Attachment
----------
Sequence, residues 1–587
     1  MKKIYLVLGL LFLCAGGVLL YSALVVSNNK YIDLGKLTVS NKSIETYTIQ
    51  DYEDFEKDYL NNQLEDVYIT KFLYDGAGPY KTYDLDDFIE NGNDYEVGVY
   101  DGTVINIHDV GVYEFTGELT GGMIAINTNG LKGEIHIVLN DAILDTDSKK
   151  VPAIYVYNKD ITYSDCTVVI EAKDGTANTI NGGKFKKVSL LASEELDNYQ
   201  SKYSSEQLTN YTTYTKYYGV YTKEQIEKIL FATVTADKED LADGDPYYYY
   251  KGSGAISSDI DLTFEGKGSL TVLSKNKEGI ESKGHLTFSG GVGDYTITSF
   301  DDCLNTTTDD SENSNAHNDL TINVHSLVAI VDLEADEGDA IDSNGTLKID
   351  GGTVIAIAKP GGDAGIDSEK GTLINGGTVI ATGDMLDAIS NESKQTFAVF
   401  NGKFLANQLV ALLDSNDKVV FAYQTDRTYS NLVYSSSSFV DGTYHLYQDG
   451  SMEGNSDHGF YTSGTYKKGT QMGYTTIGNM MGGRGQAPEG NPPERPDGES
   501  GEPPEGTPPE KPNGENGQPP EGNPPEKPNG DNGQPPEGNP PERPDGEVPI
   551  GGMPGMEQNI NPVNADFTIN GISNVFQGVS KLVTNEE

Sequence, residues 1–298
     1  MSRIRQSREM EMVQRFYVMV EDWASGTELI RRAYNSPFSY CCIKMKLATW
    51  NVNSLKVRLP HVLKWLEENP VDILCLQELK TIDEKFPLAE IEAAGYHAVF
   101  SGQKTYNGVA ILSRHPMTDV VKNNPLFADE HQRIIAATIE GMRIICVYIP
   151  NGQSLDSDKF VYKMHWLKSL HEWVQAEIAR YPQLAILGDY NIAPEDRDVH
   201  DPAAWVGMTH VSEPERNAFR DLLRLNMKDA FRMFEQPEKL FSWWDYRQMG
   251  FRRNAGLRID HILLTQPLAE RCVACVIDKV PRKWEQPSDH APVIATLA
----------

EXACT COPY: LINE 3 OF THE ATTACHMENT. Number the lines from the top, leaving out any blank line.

    51  DYEDFEKDYL NNQLEDVYIT KFLYDGAGPY KTYDLDDFIE NGNDYEVGVY